Once everything has been double and triple-checked for accuracy and feasibility, then a Final Forecast, or Consensus Forecast, must be drafted together. This final forecast must include all plans for all SKUs, since the plan has to be completely encompassing in order to be accurate. All of the forecasts are written up and reviewed, and then all the departments must agree upon the outlined plans. Only then can the plan be implemented, which will be used to determine the supply and production schedule for the next planning period. The plan is then shared with any important figures in the supply chain process, like manufacturers and warehouse managers, so everyone is kept informed on the expectations. This enforces the kind of good communication that makes demand planning really work.

Usually this process is repeated every month, every quarter, or twice a year, depending on the size and complexity of the company. The more frequently the data is examined, the more accurate consecutive plans will be.

Why Use Demand Planning?

Demand planning is a lot of work, so it is understandable that someone would want to consider the benefits of it, to see if it’s worth the extra time and effort. Over time, the process gets easier as it is implemented, but the benefits of a successful plan can be measured immediately. A good demand planning process can really improve time efficiency and profits, if done correctly. Not only that, but it can help optimize customer service functions, and build a good reputation for the business. However, that doesn’t even scratch the surface of all the benefits of demand planning. If you still need convincing, here’s a more in-depth breakdown of some of the ways demand planning is changing the way the industry works—for the better.

Cost Efficiency

Using demand planning can lead to a reduction in costs everywhere. The cost of production will be down since fewer actual items are being produced, and there are no added costs for rushing through anything, since everything operates on a schedule. Businesses could save tons of money on shipping freight, since they would require fewer emergency air-freight shipments. They could instead utilize more cost-efficient methods of transportation, like ocean shipping, since they can plan for things to arrive far in advance. Also, since fewer products would need to be stored for a long period of time, warehousing costs would be cheaper too. 

Companies can enjoy the benefits of a quick Cash Conversion Cycle (CCC), which is the number of days between when a company pays for inventory from their supplier, and when a customer pays the company for the products. By reducing these times, the entire sales process gets accelerated. Businesses can get their profits sooner, and therefore go through inventory faster to make more sales. On average, a good demand plan can reduce the CCC by 35%, which translates to a tremendous increase in revenue. Although demand planning software can be expensive, companies tend to see a Return on Investment (ROI) after about 18-24 months.

Businesses should always be looking for ways to reduce the cost of production. When a product costs less to produce, then there is more freedom to reduce prices. Customers could get a better deal, without damaging the company’s revenue. Everyone appreciates a good value, so a decrease in price could actually lead to more sales and more overall profit for the company.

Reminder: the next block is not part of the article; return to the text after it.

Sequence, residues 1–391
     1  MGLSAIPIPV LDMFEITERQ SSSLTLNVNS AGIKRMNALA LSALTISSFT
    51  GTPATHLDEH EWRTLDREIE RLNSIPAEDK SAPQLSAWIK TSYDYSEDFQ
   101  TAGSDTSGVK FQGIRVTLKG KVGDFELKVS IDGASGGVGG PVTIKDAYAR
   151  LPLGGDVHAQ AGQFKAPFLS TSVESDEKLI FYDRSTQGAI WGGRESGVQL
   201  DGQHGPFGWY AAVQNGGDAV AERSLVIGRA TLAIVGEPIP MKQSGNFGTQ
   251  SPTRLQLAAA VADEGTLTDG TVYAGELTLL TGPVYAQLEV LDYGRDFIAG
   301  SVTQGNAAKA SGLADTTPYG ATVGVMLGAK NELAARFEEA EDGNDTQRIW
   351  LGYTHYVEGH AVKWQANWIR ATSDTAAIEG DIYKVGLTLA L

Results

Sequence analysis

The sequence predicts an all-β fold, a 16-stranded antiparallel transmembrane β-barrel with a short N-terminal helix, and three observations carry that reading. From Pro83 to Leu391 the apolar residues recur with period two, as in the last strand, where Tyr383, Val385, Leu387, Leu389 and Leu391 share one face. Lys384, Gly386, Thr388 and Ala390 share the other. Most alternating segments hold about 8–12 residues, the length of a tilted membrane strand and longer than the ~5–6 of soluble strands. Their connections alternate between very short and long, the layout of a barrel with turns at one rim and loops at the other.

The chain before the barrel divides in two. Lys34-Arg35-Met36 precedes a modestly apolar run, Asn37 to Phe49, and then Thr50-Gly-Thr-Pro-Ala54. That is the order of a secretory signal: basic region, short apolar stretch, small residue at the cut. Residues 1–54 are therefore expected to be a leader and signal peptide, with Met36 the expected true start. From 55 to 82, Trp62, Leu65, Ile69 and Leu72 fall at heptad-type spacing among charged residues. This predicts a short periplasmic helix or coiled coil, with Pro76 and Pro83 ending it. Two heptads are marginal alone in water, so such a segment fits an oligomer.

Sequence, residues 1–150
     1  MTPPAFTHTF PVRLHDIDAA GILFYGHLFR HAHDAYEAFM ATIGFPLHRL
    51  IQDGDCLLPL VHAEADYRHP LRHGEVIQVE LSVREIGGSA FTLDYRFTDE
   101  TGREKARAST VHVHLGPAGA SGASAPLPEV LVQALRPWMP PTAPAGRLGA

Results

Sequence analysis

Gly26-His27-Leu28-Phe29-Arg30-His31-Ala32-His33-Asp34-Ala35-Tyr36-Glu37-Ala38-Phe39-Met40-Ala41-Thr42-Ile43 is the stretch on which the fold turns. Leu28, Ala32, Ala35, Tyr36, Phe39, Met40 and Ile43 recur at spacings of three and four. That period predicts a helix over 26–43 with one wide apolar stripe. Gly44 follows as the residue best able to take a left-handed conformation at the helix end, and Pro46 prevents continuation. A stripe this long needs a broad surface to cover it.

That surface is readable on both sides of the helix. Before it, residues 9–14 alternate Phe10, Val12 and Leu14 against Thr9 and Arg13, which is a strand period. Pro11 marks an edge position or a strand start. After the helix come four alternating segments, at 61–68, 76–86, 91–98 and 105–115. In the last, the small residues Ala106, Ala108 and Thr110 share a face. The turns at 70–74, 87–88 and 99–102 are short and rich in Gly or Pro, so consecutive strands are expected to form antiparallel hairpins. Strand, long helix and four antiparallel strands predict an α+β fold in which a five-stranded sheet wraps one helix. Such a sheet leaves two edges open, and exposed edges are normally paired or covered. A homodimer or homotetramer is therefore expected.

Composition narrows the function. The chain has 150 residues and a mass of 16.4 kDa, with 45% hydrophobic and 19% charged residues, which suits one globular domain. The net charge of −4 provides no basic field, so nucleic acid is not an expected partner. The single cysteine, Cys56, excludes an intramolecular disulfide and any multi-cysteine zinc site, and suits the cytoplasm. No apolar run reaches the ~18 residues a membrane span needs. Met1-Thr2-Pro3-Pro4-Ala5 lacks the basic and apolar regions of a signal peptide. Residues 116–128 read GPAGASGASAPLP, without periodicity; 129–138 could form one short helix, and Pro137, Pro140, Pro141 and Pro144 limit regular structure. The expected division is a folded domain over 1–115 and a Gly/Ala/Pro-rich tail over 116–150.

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Overflowing inventory levels always seem to be an issue, with costs mounting for each new pallet stored. When items become obsolete and stop flying off the shelves like they used to, they tend to pile up in the warehouse. With all these overstocked products clogging up the shelves, more of the budget has to go towards making space for new products that will actually sell. By implementing a plan for dealing with changes in demand, a company can reduce the number of unsold products on the shelves, and optimize their warehouse space. Some companies have managed to reduce their inventory to an average of 15% less than their competitors, without damaging their ability to fulfill orders. 

Let’s bring that smartphone example back for a moment. After the company releases the new and improved version of their popular smartphone, suddenly the old one is in much lower demand since everyone wants the newer, better phone. If the company continues to order as many of the old phones as they did in past years, then they would waste their money and warehouse space. The influence of the newly released smartphone should be taken into consideration when coming to a new demand planning decision, since it would greatly reduce the demand for the old version. 

Warehouse Streamlining

Demand planning has a number of excellent benefits, but the space efficiency it provides in warehouses allows for a lot more freedom in scaling the business, minimizing losses, and providing better services to customers. It gives business owners a better idea of what their inventory looks like, so they can make educated decisions on how to restock and manage their products. 

By optimizing the warehouse space and controlling the flow of products into storage, companies can better orchestrate warehouse processes to deal with incoming products. A visible demand modeling report can allow warehouse staff to anticipate the volume of stock before it arrives, to prepare for it in advance. That way, the incoming stock gets processed as efficiently as possible. 

3PL warehouses utilize something called a Warehouse Management System (WMS) to help with this as well. A WMS is a software program that can work alongside a complete supply chain plan to optimize warehouse operations. It compiles all the different sources of information in one easily viewable, fully integrated system. This allows for better organization and inventory management, which makes it easy to find any product located in the warehouse in seconds. Sometimes, a WMS will even assist with redesigning the floor plan or the shelf layout of the warehouse, to get the most possible usable space. By providing a visual representation of the layout of the stock, it can also give business owners a better idea of how to grow or diversify their business.